What Is a Firebox in a Boiler?
The firebox in a boiler is a chamber where fuel, typically gas or oil, is burned to heat the boiler’s water to the boiling point for use as hot water or steam. A firebox is designed for burning a particular type of fuel. Conversion to a different type of fuel requires a different type of burner and could require changes to the firebox size and shape.
Boilers come in fire tube and water tube types. In a fire tube boiler, water surrounds the firebox and a group of flue tubes that exhausts the hot combustion products. The energy radiated by the firebox flames and by the hot combustion products flowing out through the flue tubes heats the water surrounding them by conduction. In a water tube boiler, the tubes contain water to be heated by the fire in the firebox and by the hot combustion products rising past the water-filled tubes.
Fuel Air Mix
In both types of boiler, air and fuel enter the firebox for combustion. Complete combustion in the firebox requires the proper mix of fuel and air. Too much fuel or too little air will result in wasted fuel and production of deadly carbon monoxide gas. It takes 1,600 to 2,000 cubic feet of air to completely burn one gallon of No. 2 fuel oil. It takes 10 to 15 cubic feet of air to burn 1 cubic foot of natural gas.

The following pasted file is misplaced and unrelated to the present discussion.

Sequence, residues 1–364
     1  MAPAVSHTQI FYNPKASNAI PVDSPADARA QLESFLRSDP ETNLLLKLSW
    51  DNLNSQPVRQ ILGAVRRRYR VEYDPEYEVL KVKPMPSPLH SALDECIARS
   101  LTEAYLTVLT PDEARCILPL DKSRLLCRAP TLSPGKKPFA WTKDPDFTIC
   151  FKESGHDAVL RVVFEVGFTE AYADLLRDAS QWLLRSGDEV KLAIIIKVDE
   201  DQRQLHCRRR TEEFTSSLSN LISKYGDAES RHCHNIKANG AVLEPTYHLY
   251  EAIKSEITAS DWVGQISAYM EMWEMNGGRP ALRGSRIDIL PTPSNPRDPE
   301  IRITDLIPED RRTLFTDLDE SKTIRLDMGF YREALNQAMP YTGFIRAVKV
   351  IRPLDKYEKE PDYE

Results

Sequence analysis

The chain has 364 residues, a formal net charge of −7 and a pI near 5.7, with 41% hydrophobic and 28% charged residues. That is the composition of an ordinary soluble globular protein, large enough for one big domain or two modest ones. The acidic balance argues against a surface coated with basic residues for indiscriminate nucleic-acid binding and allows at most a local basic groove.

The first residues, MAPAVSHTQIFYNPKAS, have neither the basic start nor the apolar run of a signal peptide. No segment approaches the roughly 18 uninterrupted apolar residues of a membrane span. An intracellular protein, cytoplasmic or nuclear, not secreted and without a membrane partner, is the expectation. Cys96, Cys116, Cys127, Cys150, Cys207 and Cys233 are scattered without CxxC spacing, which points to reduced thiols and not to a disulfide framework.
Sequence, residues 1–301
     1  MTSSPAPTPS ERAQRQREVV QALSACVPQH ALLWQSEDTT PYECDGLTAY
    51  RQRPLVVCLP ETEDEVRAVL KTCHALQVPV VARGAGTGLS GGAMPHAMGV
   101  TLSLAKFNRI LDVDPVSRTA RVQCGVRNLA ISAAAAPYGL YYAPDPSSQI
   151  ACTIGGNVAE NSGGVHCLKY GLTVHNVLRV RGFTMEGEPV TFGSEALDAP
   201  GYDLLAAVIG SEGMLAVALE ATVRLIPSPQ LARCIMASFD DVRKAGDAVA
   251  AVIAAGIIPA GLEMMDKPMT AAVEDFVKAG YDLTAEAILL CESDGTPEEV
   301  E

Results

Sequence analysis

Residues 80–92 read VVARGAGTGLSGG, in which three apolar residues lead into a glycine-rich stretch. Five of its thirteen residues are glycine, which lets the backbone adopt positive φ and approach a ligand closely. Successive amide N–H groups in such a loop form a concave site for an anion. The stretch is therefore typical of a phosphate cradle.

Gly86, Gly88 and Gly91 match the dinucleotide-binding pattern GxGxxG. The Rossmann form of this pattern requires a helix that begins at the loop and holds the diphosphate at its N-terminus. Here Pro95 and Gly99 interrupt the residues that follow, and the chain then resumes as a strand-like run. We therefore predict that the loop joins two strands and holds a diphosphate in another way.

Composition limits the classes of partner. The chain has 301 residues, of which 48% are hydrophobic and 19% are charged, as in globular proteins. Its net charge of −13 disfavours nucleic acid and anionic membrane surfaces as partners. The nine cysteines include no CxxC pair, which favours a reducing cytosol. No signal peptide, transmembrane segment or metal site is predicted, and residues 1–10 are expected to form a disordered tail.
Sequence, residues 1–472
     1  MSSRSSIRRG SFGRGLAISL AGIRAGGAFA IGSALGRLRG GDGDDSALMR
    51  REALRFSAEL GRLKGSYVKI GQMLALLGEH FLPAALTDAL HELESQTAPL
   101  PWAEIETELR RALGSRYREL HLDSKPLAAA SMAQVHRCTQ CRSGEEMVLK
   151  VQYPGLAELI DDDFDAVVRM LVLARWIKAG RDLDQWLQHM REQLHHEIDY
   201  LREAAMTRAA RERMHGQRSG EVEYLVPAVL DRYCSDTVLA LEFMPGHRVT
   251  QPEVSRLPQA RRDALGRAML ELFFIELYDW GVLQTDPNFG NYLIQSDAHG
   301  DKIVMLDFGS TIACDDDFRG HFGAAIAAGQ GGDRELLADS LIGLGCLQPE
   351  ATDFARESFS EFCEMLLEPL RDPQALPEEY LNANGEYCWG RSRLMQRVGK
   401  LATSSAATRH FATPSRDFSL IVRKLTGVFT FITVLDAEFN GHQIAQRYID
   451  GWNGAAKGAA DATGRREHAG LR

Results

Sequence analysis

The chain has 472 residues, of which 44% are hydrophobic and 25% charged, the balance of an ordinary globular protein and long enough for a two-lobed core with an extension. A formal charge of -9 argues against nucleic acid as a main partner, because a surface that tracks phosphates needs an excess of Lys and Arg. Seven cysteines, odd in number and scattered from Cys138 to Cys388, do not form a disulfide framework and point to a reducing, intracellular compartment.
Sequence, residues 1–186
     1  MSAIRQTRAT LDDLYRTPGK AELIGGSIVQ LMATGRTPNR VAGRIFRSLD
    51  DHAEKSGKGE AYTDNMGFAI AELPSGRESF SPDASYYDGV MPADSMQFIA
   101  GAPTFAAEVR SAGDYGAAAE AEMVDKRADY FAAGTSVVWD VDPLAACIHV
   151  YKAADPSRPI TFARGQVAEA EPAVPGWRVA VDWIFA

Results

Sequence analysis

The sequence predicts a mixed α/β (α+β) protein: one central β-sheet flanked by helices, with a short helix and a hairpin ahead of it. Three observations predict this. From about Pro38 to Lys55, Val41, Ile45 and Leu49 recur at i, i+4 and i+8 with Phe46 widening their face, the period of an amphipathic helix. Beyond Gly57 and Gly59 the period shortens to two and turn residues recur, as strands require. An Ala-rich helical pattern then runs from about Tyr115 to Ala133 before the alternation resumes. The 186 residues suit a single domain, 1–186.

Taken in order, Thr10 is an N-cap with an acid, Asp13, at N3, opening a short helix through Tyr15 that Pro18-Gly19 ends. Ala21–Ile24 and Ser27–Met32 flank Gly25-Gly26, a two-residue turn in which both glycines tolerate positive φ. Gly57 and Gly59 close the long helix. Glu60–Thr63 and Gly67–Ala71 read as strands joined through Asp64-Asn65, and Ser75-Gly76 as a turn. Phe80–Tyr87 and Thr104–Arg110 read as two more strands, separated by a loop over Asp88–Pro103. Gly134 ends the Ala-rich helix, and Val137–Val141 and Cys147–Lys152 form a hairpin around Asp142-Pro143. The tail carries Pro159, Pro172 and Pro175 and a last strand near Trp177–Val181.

Modern high-efficiency, gas-fueled condensing boilers for home heating feature a sealed firebox that draws cold air for combustion directly from the outside rather than warmed air from inside the house. These units extract maximum heat from the flue gases by sending them through a second heat exchanger that extracts heat from the water vapor in the flue gases. This means these boilers can vent flue gases directly to the outside without need for a draft hood or damper that would otherwise be needed to keep the flue temperature at safe levels. Sealed combustion gas furnaces can achieve an efficiency rating exceeding 90 percent.
The firebox and flueways of an oil-fired boiler can accumulate soot that can reduce heat transfer and thereby reduce efficiency. You can remove it from the flueways of the heat exchanger with a round wire brush. Use a vacuum cleaner and soft-bristle brush to remove soot from the firebox. There are also chemical additives for your fuel oil that claim to clean soot deposits from burners, fireboxes and flueways. For gas boiler firebox maintenance, remove the burners and clean them of dirt and combustion deposits, clearing all openings. While the burners are removed, use a vacuum cleaner and wire brush to remove soot or dirt from the flueways of the heat exchanger. Use a bristle brush and vacuum to clean the firebox walls and floor. Replace burners and check the pilot light for proper flame.